Revised Merger Assessment Guidelines Codify UK Interventionist Approach to Dynamic Markets

Skadden Publication

Bill Batchelor Frederic Depoortere Aurora Luoma Giorgio Motta Ingrid Vandenborre Iacovos Antoniou


The U.K.’s Competition & Markets Authority (CMA) has released new merger assessment guidelines that confirm the U.K. regulator’s intensified approach to merger control.1 The guidelines largely codify the CMA’s recent output, which includes record high numbers of prohibitions and deal abandonments.

  • The guidelines downplay the importance of traditional market definition concepts in favour of assessing strong and weak competitive constraints on the merging parties. This focus is consistent with CMA’s practice of considering the parties’ position within broader frames of reference.
  • The section on assessing loss of future competition sets out the CMA’s interventionist intent in dynamic markets and in addressing so-called killer acquisitions (which involve acquiring an allegedly nascent rival) and reverse killer acquisitions (which involve buying a target whose market the acquirer would have entered absent the acquisition).
  • The CMA confirms its willingness to reach conclusions despite uncertainty about how competitive conditions will develop. The agency maintains this position despite the natural tension between reaching conclusions in the face of substantial uncertainty and discharging the CMA’s burden of proof on the balance of probabilities.
  • The guidance reaffirms that internal documents and valuations may be treated as key evidence. This is consistent with the CMA’s practice in seeking to assess competitive harms, in some cases over long time horizons, based on internal documents. It confirms that documents such as build-buy-partner analyses or internal product development discussions will be mined for indications that, absent the transaction, the buyer would have entered the market.

The guidelines take a more interventionist stance than do peer authorities, particularly in dynamic markets. And the CMA has recently challenged global transactions, even when they were cleared without issues in other jurisdictions. Therefore, companies contemplating deals potentially within the CMA’s jurisdiction will need to take account of these guidelines.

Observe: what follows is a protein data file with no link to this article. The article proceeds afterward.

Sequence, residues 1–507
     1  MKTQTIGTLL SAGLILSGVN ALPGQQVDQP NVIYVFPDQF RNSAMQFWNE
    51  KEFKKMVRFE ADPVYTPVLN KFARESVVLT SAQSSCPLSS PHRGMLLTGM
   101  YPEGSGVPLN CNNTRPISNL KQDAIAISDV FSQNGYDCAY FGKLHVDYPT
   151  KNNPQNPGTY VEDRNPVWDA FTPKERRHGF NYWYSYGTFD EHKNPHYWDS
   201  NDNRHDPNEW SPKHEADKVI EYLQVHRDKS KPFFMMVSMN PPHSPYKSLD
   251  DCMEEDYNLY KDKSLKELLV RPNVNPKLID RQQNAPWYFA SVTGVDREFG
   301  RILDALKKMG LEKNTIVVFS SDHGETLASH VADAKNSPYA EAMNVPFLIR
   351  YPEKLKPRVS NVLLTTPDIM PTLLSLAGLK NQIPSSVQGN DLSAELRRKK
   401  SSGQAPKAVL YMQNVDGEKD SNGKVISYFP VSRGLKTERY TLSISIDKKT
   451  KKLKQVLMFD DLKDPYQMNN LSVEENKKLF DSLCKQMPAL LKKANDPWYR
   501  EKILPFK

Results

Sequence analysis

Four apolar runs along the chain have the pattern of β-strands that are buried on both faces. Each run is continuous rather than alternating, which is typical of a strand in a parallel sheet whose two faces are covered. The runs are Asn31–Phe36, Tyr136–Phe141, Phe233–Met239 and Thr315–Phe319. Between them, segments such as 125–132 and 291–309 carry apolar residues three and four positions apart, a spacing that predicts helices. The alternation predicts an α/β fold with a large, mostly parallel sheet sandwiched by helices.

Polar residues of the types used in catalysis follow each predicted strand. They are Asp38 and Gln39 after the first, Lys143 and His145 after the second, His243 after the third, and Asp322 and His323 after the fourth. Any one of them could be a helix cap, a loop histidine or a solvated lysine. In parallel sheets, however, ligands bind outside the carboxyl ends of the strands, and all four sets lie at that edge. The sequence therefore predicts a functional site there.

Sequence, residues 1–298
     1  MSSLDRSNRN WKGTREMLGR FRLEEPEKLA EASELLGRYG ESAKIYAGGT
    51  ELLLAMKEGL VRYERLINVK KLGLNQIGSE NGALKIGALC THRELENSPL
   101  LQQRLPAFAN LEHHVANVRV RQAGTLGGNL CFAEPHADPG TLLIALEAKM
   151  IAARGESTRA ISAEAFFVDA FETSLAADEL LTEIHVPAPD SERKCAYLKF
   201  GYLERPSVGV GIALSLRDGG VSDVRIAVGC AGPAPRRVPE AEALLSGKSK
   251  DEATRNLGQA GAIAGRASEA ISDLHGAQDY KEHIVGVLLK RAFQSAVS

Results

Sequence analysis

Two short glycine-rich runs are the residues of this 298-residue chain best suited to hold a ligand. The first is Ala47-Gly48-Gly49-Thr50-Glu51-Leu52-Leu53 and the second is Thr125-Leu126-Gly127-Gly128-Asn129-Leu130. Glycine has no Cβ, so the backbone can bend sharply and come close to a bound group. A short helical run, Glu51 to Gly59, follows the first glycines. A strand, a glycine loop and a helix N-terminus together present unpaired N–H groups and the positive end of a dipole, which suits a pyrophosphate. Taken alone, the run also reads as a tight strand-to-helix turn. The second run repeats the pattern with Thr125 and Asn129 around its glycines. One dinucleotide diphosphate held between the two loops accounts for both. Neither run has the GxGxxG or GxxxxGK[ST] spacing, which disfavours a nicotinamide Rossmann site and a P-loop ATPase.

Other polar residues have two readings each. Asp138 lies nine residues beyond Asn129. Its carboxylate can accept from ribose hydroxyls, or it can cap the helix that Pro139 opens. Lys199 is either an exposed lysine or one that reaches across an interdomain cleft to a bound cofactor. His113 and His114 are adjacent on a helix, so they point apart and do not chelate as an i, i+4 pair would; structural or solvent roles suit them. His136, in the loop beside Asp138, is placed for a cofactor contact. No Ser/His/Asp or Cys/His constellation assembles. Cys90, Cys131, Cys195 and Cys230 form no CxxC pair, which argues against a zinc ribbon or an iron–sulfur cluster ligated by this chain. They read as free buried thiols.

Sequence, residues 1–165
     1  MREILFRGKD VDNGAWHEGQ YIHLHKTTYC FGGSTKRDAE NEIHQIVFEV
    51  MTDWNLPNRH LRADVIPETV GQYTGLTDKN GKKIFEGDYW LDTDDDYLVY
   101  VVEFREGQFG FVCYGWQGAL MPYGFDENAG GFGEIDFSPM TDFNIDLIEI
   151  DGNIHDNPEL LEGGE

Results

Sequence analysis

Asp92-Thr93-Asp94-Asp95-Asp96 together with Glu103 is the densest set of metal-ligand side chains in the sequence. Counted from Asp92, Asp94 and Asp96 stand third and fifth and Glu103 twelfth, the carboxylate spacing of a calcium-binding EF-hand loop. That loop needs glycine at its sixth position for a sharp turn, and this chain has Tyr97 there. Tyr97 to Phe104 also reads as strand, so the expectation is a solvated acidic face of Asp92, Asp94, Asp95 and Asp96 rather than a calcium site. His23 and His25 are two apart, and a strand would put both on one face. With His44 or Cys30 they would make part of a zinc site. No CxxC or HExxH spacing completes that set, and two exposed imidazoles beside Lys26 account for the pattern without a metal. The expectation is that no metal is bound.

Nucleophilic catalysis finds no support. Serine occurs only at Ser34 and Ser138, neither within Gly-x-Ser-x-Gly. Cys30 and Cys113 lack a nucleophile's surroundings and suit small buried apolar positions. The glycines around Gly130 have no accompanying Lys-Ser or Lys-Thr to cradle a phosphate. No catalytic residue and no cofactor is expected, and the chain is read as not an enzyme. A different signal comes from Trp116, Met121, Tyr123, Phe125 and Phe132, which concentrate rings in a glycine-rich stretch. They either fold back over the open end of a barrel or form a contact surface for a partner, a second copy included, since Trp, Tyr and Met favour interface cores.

The CMA’s guidelines may also be influential in shaping merger enforcement beyond the U.K. They come at a time when authorities globally are rethinking their approach to acquisitions, particularly in the technology sector, based on academic commentary and reports that cite this area as the subject of perceived underenforcement in the past. In the EU, the European Commission (EC) in March 2021 paved the way for investigations of acquisitions of nascent competitors, which mergers would otherwise not qualify for review under existing national and EU thresholds, by releasing new guidelines encouraging the use by member states of a referral mechanism under Article 22 of EU Merger Regulation.2 Additionally, the EC’s proposed Digital Markets Act contemplates obligations for designated “gatekeepers” to report acquisitions, regardless of size.

Tech Sector Implications

The new guidelines, which reflect recommendations made by the Furman3 and Lear4 reports on competition in digital markets, are significant for the tech sector.

First, the CMA will consider a long time horizon in assessing potential outcomes when deciding on the appropriate counterfactual, i.e., the competitive conditions that would prevail absent the transaction. This follows the Lear report’s finding that “even in fast-moving digital markets, becoming successful can take longer than two years.” The counterfactual assessment has proven decisive in recent cases.

Also, the guidance covers deal valuation evidence, which reflects current practice. The CMA increasingly examines the evidence of deal valuation to identify whether the valuation suggests anticompetitive intent. Requested evidence includes the financial models and assumptions underpinning a deal value, to assess whether these include any projections about post-merger pricing, capacity or other effects that could raise concerns. This is particularly relevant in the tech sector, where the CMA has repeatedly tested theories of harm involving “killer acquisitions” and “reverse killer acquisitions.” The CMA may find that outsized valuations suggest strategic reasons to acquire a rival based on reducing future competition.

Finally, the CMA sets out its analytical approach to two-sided or multisided platforms. The CMA may assess the two sides separately, or incorporate both sides in one assessment, depending on how competition works in the relevant industries, the competitive conditions on each side and the strength of indirect network effects. For example, where competition between platform operators involves improving aspects of one side of the platform, then the CMA may assess each side separately, e.g., where two digital advertising platforms merge, considering the impact on publishers separately from the impact on advertisers. Conversely, when platforms exhibit strong indirect network effects, and competition on one side is influenced by conditions on the other side of the platform, a single assessment including both sides may be more appropriate (⁋4.24 of the guidelines).